It’s one of the biggest mysteries of the late 19th century: Why did Oscar Wilde go so far as to commence a lawsuit for defamation against his young lover’s father after the father accused the famous poet-playwright of being gay? After all, Wilde was gay, and there was plenty of evidence to prove it.

And once his case collapsed and he was certain to face criminal charges himself for “gross indecency,” why didn’t Wilde take the opportunity to flee London? Due to his refusal to leave, Wilde was sentenced to two years of hard labor and died soon after in poverty.

David Hare, one of England’s most prominent playwrights, tries to answer these questions in his 1998 drama “The Judas Kiss,” which depicts Wilde just hours before his arrest (when he would rather focus on his lunch rather than on his legal predicament) and then as a broken man following his sentence.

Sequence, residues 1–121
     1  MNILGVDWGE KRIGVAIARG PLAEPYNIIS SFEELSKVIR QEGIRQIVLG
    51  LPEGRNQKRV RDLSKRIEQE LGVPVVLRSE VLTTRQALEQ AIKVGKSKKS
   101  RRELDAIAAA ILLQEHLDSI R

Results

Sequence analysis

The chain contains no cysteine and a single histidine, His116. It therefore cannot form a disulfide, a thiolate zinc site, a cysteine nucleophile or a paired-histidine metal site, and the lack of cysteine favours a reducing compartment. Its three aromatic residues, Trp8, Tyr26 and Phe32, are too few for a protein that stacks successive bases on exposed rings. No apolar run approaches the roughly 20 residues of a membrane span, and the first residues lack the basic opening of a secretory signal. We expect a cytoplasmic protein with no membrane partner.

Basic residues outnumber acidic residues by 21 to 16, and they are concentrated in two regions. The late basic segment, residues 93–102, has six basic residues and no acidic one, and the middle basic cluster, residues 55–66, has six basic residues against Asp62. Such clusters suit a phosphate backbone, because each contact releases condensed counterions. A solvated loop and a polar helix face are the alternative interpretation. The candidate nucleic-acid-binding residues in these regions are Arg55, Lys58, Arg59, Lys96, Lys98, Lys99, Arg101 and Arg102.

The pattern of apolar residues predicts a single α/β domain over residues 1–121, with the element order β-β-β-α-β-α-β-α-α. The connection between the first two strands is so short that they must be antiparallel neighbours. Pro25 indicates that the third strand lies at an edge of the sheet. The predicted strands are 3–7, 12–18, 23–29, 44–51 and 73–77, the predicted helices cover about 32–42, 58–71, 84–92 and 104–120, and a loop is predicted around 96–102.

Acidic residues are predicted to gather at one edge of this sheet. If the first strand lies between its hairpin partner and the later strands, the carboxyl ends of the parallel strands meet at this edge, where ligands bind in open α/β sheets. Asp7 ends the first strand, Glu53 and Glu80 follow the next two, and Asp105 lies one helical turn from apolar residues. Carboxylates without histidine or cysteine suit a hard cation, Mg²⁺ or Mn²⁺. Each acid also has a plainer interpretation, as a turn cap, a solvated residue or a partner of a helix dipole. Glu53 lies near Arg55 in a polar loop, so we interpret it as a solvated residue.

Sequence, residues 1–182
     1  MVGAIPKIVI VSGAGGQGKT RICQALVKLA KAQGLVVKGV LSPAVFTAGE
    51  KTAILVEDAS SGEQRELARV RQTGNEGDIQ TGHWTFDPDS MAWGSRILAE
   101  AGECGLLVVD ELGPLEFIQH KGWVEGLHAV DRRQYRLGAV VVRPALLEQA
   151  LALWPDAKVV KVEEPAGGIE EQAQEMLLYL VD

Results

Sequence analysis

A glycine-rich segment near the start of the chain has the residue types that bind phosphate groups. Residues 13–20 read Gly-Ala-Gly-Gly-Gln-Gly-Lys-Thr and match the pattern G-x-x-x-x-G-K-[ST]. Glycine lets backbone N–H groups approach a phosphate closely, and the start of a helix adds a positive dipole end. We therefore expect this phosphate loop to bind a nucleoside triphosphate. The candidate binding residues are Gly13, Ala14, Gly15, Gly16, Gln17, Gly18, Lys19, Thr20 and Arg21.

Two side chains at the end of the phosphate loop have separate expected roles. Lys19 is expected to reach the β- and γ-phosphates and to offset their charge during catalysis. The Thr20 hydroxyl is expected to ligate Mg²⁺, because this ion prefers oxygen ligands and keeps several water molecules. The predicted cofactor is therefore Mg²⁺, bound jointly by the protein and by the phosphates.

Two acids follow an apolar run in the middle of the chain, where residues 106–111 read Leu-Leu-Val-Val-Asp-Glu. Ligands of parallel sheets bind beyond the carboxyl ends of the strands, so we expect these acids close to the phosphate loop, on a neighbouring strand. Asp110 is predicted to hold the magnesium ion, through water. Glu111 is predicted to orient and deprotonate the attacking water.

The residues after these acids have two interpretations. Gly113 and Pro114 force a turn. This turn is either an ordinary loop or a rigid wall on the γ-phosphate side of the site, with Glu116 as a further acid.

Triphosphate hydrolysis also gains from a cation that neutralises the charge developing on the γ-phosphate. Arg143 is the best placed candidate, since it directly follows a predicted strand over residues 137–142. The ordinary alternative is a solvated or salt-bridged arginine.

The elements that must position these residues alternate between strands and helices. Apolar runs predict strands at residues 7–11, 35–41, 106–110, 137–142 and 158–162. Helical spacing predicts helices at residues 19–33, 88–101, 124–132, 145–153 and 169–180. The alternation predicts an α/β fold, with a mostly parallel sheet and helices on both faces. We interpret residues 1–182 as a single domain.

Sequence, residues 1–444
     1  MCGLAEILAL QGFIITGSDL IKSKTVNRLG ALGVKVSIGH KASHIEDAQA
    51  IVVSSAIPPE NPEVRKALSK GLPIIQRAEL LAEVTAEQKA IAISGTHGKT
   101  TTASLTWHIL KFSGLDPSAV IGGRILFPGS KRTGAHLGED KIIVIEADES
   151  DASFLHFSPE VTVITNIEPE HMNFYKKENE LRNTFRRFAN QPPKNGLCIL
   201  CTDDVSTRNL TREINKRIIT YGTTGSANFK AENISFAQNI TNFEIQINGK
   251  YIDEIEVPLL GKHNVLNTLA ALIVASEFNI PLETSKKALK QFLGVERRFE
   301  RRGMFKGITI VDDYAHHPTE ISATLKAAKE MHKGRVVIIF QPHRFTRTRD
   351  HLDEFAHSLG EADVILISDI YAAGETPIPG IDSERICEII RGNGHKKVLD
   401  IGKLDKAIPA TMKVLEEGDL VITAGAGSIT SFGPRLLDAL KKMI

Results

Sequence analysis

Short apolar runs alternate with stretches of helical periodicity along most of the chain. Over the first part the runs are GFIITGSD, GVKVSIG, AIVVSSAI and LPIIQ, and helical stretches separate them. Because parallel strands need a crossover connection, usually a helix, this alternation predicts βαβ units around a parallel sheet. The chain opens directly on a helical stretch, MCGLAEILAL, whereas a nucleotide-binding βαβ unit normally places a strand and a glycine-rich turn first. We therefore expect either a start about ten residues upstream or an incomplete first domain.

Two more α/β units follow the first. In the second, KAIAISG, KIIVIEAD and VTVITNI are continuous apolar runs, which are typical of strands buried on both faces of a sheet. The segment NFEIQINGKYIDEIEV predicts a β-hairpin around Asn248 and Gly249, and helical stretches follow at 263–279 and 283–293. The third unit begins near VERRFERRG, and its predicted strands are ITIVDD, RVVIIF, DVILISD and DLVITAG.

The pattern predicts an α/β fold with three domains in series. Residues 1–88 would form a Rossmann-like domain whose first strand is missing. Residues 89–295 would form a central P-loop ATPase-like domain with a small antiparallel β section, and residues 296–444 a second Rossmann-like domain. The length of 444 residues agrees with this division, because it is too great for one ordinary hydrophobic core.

An English revival of “The Judas Kiss” starring film actor Rupert Everett (who is expected to play Wilde in a biopic soon) is now playing a limited run at Brooklyn Academy of Music.

Wearing a fat suit, Everett delivers a wonderfully detailed and nuanced performance that captures Wilde’s flamboyance, wit and generosity but also stresses his vulnerabilities, especially in the face of Bosie, his self-centered and petulant lover. Everett’s Wilde is a tragic figure trying to maintain his dignity under difficult and desperate circumstances.

Unfortunately, Neil Armfield’s spare and uneven production does not make a strong case for the play, which premiered on Broadway with Liam Neeson two decades ago to unenthusiastic reviews. The first act is packed with drama, but the second act is downbeat and static. Other than Wilde, the characters are painted thin, especially the detestable Bosie. For the record, there’s plenty of nudity throughout.